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Boomers Don't Have to Hide their Age on Resumes...

Boomers - don't get cute with the resume details - keep it real...

Last week, I overheard someone recommending that a candidate take dates off resumes.  I'm weighing in, because removing dates from your resume is a forced, unnatural, red flag thing to do...

As a HR pro and someone who looks at thousands of candidates a year, I'm not a fan of removing datesBabyboomers1  from resumes. One of the things I rely on to make sense of a career, and how it fits our needs, is how many years you performed role A, B or C.  Take the dates off the resume, and it's hard for me to figure that out. If you're really concerned about the age thing, feel free to remove dates from your diploma or degree, because once you've been in the world of work for five years, those things become less important than your experience. 

Let's say you've got 30 years of experience and have worked for six different companies in your career. You should assume HR pros and hiring managers want you to spend 80 percent of your space talking about the last five years of your career. A good way to focus on your recent experience, and deemphasize what you did in the 1980's, is to outline the scope and accomplishments of your last two jobs in detail, then drop the rest of the work experience into a list format that only takes up a small portion of a page. Another handy tip, to avoid overwhelming a prospective employer with your experience, is to never go past two pages on a resume.  Your accomplishments warrant more than one page, but three pages is overkill.

As sad as it sounds, the average, initial resume review lasts five to 10 seconds, after which it's placed in a "yes" or "no" stack for a deeper review at a later time. All you want your resume to do is move to the "yes" stack and generate a phone call when the company is ready to talk.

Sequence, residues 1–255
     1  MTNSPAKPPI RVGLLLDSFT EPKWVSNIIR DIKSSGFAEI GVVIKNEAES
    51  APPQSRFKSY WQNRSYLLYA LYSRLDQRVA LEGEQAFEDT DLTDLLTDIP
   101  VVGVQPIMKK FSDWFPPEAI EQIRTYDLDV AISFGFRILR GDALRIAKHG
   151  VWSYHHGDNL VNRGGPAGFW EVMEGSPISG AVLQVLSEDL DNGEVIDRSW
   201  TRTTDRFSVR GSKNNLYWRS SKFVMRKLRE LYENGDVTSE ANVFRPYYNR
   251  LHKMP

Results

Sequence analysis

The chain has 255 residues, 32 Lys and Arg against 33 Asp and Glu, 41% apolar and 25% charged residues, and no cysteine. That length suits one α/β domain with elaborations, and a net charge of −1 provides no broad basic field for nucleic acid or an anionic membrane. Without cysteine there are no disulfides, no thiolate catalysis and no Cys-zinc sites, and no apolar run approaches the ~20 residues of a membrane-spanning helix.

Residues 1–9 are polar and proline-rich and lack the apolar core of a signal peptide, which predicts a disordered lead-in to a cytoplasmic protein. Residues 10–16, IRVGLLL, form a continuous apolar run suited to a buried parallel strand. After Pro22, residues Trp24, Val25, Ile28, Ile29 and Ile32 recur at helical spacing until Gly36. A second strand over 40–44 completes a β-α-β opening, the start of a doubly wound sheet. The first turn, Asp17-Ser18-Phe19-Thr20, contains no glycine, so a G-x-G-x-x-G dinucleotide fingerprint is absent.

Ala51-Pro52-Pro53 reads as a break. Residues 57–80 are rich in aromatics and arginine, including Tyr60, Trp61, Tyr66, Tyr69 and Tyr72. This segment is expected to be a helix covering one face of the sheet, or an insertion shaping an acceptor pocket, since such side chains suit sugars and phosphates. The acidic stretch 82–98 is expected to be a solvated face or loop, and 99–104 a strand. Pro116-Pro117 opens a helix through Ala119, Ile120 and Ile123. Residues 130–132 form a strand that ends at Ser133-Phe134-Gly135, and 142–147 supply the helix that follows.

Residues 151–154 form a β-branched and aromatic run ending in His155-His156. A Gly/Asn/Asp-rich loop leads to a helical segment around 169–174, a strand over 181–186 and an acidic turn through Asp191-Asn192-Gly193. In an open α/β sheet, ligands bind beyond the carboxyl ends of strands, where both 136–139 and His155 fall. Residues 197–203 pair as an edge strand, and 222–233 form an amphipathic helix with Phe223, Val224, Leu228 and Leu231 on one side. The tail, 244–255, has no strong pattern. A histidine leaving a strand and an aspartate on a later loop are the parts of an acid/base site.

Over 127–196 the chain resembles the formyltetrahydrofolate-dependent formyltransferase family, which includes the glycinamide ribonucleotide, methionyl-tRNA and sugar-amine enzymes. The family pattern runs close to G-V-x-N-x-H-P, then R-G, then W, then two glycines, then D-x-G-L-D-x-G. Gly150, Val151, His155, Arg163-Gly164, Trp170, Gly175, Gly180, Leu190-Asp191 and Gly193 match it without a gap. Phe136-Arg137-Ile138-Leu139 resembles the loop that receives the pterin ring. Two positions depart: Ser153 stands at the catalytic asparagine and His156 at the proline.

More important than age, to any hiring manager, is your energy and confirmation that you are looking forward rather than backward. Change your perspective from "look what I have done" to "look what I can do for you".  How do you do that?  Move from statements on your resume that outline what you were responsible for ("managed three-state sales territory") to statements that show analysis and action ("developed low-cost database to track leads and automate mail-out process"). Transitioning from responsibility to action on your resume lets hiring managers see the value and envision how you can help them.

A forward-looking perspective is the key.  If HR pros and hiring managers can envision what you are going to do to help them, your age won't matter.   Look forward with your positioning, don't take the easy way out and simply remove dates from your CV... 



Honestly I don't know if I am alone in this, but when I go over resume or application with minor missing information I automatically put it in the maybe file if there are promising things contained within(I actually have three piles not just two). I hire mostly hourly employees so sometimes people don't understand the online application or whatever. I probably would not do this with salary types. Good post!

Meg Bear

you should check out the new rules in the UK around what you can and can't ask or say about an individual. You can't say "experienced" or ask for time on the job since that might cause you to think someone is "old" and discriminate against them in hiring. And you thought OFCCP rules were complex ;-).

Michael Haberman, SPHR

Well as most HR people know when we look at resumes we are not looking to screen "in" we are looking to screen "out". The ones that don't get tossed in the OUT pile then get a more thorough review and then the process is to screen IN.

I look for action bias. I am too tired of passive. I happened to be responding to a friend on her resume as the email came in with this post. I copied and pasted the paragraph that starts with "More important than age..." and sent that as my response on what she should do to her resume.

Good post Kris.

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